Tesla Inc. CEO Elon Musk attends the World Artificial Intelligence Conference (WAIC) on August 29, 2019 in Shanghai, China.
Aly Song | Reuters
Tesla CEO Elon Musk enacted a strict return-to-the-office policy this spring and suddenly emailed employees on May 31 that they had to “spend at least 40 hours a week in the office.” Anything else, he suggested, is “call.”
Three months after the executive order, Tesla still doesn’t have the space or resources to bring all of its employees back to the office, according to company officials in the US and internal documents seen by CNBC. The people did not want to be named because they were not authorized to speak to the press on behalf of the company.
The return-to-the-office policy has also caused a drop in morale, particularly among teams that allowed pre-Covid-19 employees to work remotely when needed.
In general, prior to the pandemic, Tesla was open to remote work among employees in office functions. As the company’s workforce grew in recent years, the focus has been on establishing international hubs and a new factory in Texas. Not enough new jobs were built or enough office equipment was purchased at existing facilities in Nevada and California to bring all office workers and long-time contractors into forty hours a week.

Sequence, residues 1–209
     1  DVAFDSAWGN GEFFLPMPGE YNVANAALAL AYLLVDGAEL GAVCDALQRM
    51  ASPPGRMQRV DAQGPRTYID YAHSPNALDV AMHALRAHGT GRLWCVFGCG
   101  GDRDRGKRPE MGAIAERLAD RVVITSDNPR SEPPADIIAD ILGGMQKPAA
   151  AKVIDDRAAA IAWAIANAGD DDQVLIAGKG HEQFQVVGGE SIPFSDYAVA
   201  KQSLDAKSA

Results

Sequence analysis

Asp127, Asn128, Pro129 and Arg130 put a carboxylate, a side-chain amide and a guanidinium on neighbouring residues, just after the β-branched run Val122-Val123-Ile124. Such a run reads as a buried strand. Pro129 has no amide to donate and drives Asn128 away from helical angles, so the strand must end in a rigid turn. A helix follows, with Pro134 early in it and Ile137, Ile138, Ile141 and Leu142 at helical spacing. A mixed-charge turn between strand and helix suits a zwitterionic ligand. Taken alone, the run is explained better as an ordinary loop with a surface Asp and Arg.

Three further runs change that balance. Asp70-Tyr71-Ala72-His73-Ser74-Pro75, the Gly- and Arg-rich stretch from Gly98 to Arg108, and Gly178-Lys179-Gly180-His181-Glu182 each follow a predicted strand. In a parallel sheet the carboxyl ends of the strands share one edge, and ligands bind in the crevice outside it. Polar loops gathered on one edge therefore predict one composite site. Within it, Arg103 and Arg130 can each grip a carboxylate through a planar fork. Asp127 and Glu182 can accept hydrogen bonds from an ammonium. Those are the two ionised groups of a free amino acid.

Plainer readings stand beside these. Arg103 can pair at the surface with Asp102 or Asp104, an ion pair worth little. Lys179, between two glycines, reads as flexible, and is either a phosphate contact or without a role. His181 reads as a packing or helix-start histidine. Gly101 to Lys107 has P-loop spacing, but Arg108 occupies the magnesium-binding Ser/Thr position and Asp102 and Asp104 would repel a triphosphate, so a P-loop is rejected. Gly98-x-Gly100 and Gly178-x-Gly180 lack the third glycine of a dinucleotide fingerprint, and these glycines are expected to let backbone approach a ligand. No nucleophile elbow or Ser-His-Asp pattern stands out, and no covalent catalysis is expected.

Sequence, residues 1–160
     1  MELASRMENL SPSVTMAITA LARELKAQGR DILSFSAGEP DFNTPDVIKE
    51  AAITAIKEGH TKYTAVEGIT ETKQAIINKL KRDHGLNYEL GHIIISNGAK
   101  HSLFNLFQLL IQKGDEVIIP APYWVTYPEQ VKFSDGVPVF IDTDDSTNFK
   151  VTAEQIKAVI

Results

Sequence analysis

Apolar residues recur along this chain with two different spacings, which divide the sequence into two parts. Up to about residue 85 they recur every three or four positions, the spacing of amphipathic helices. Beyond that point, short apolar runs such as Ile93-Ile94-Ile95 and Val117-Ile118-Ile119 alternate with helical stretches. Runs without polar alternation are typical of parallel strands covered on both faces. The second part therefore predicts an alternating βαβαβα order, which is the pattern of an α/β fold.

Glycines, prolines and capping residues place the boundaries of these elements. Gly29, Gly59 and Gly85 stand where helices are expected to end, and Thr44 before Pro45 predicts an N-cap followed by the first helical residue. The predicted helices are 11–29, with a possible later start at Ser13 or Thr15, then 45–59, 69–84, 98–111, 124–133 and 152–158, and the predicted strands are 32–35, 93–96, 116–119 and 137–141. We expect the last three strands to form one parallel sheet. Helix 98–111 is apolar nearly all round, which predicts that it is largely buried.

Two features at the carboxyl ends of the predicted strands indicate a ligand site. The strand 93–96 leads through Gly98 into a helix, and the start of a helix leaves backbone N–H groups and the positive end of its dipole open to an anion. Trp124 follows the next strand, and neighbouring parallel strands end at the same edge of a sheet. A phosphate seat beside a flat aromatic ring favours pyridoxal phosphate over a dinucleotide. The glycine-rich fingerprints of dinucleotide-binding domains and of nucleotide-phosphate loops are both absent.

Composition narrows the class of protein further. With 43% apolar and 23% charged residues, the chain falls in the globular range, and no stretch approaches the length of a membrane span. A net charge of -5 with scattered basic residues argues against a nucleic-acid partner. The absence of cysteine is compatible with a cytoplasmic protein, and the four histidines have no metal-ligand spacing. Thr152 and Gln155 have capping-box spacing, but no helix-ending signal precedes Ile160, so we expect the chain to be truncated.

According to several current employees working there, Tesla recently wanted to bring its San Francisco Bay Area employees into the office for 3 days a week, but a lack of chairs, desks, parking, and other resources proved too much. (Some of this was previously reported by The Information.) Instead, Tesla reset staggered office hours to two days a week.
Even simple consumables such as dongles and charging cables were in short supply. On days when more employees are scheduled to work on-site, the crowded conditions force people to take phone calls outdoors, as Tesla has never built enough conference rooms and payphones to accommodate so many employees present at once.
A blow to morale
The company now monitors employee attendance, with Musk receiving detailed absentee reports on a weekly basis.
Internal records show that as of early September, about one-eighth of employees were out on a typical day in Fremont, California, site of Tesla’s first U.S. vehicle assembly plant. At Tesla, that number was only marginally better, with about a tenth of employees being absent on a typical workday.
According to internal reports viewed by CNBC, the numbers have remained in this range since March 2022, before Musk’s orders. As expected, absenteeism increases on weekends and public holidays.
Absenteeism at Tesla is measured using data from employees checking into facilities, dividing unplanned absences by planned time off to tabulate daily totals, according to internal records and people familiar with the reports sent to Musk.
Not all employees are tracked in the same way. For example, direct reports from Elon Musk do not count towards internal reports.
The return-to-the-office policy — somber and informal as it is — has caused a significant drop in morale among some employees, according to internal news from CNBC.